Why Ultrapure Water is Essential for Consistent, ReproducibleEndotoxin Results

The Sartorius Arium® Water Systems Delivers Ultrapure Water for Endotoxin Analysis

When doing experiments in a lab that involve water, it’s crucial to use high-quality laboratory water to get accurate and reliable results. Endotoxins are harmful substances found in certain bacteria that can affect the results of tests. When testing for endotoxins, it’s especially important to make sure that all the tools, substances, and water used in the lab are certified to be free of these contaminants.

Getting rid of endotoxins is tough because they can withstand heat and extreme pH levels. Removing them is also tricky because of their structure. To avoid contamination and false results, the best strategy is to prevent exposure to potential sources of endotoxins. Contaminating lab tools and water with endotoxins can lead to incorrect results, making it necessary to redo tests. This is not only inconvenient but also costly, especially when dealing with expensive and short-lived products like cell and gene therapies.

For disposable tools, it’s essential to use plastic ware that the manufacturer certifies as endotoxin-free. However, the water used in the lab can be a source of endotoxin contamination. Addressing this issue is crucial. In an interview with Dr. Kunal Kureja, an Application Scientist for Lab Water at Sartorius AG, the discussion focuses on the type of ultrapure water suitable for endotoxin analysis and how to make sure it’s free of endotoxins through validation and verification processes.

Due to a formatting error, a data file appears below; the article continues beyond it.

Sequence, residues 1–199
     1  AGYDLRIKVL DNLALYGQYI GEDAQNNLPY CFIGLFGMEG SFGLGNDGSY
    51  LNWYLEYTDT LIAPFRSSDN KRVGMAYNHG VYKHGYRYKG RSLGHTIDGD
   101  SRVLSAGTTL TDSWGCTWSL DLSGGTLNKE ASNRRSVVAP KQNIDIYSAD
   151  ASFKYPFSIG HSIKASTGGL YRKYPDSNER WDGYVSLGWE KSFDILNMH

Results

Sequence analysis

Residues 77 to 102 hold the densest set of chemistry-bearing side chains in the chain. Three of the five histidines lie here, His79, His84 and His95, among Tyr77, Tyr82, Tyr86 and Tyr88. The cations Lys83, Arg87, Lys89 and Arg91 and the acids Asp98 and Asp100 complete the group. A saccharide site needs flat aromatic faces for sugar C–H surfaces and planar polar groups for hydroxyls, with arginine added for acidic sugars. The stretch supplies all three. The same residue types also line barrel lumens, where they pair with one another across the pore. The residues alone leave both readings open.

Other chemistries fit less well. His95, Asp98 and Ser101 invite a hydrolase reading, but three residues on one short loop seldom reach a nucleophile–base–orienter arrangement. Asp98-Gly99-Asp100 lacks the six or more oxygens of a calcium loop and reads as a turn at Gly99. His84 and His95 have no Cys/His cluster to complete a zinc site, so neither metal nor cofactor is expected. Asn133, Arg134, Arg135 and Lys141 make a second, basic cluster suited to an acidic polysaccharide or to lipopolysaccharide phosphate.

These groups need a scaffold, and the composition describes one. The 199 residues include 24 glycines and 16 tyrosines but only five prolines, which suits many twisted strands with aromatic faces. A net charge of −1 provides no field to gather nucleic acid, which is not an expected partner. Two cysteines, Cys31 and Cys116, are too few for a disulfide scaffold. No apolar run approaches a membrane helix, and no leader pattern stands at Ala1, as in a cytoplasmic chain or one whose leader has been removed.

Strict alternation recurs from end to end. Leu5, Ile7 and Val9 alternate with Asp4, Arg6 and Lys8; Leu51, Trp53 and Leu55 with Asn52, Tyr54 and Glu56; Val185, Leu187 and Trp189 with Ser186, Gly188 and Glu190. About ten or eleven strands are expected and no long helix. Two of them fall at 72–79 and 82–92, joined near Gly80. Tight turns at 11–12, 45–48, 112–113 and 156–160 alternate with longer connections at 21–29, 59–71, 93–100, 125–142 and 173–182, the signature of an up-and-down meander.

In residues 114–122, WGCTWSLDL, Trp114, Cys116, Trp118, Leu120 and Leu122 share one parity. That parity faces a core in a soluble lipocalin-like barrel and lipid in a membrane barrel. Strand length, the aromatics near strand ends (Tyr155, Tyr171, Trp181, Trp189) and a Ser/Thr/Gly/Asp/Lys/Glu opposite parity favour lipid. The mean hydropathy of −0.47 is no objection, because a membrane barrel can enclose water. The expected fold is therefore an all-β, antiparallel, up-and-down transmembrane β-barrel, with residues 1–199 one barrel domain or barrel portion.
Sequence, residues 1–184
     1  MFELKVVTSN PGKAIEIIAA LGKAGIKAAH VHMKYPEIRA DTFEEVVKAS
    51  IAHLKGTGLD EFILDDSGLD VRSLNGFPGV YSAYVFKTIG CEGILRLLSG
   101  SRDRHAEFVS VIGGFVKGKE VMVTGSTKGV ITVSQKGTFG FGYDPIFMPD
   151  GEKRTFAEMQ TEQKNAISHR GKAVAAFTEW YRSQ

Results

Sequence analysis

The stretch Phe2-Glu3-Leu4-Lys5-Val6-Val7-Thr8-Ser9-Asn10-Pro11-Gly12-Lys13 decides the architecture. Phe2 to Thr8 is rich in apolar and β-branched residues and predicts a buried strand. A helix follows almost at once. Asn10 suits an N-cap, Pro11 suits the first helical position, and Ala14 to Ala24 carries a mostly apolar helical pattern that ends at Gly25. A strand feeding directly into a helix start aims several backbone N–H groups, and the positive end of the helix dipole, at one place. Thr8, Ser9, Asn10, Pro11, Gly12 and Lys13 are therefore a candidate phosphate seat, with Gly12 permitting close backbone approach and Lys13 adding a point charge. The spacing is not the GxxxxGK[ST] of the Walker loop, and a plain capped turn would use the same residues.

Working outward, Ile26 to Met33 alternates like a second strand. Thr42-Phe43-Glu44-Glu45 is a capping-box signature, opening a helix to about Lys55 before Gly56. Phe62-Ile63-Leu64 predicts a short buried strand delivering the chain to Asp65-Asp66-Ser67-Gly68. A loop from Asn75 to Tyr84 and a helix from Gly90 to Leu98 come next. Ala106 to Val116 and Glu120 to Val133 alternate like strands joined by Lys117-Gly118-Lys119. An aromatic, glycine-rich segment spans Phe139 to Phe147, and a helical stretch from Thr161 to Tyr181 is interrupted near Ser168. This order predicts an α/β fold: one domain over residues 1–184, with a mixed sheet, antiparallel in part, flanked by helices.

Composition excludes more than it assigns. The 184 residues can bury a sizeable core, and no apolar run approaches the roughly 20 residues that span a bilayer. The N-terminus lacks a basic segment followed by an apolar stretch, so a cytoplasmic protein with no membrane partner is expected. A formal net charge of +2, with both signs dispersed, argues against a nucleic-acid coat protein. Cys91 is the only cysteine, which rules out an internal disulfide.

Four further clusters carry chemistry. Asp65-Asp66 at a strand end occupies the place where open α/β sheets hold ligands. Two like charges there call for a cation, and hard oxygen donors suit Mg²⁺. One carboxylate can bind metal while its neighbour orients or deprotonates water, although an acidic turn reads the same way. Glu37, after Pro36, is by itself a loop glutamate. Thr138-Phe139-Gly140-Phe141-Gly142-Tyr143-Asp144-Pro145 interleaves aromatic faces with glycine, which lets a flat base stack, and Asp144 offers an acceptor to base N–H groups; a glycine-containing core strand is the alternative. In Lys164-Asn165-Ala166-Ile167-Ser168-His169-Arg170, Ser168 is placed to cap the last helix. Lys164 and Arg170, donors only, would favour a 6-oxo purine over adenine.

Why is using ultrapure water to perform endotoxin testing important?

Dr. Kureja: Ultrapure water is purified to a higher quality grade than untreated or pure water, with very low levels of impurities. This is particularly important for analytical analysis, as even small amounts of contaminants, such as endotoxins, can lead to false results, impacting both testing time and experiment costs. Today, managing expenses is crucial in the lab, making it even more important to have reliable

Does ultrapure water quality differ, and how?

Dr. Kureja: Yes, the quality of ultrapure water can also vary depending on the components used in the water system. Classical ultrapure water systems typically use ion exchange resins to remove nearly all charged molecules from the water. However, if high-quality analysis is required for analytical or life science experiments, ion exchange resins alone are not sufficient. Additional purification technology is necessary. For example, if endotoxin-free water is required, it is highly recommended to use an ultrapure water system that incorporates ultrafiltration technology. Ultrafiltration technology is based on hollow fibers with a molecular weight cut-off of 5-15 Da. This ensures that impurities such as endotoxins, RNase, and DNase molecules are also removed from the water.

Are there any guidelines that would support users in selecting the right ultrapure water quality?

Dr. Kureja: There are various standards available, such as Pharmacopoeia, ISO, or ASTM, which provide guidelines
for the appropriate water quality required for specific applications. One of the widely recognized laboratory standards is the ASTM D1193 water quality classification, which specifies water purification technologies and quality parameters. Additionally, for specific applications, supplementary sub-standards can assist in determining the appropriate water quality needed. For instance, for biological grade water, ASTM D5196 can be taken into consideration.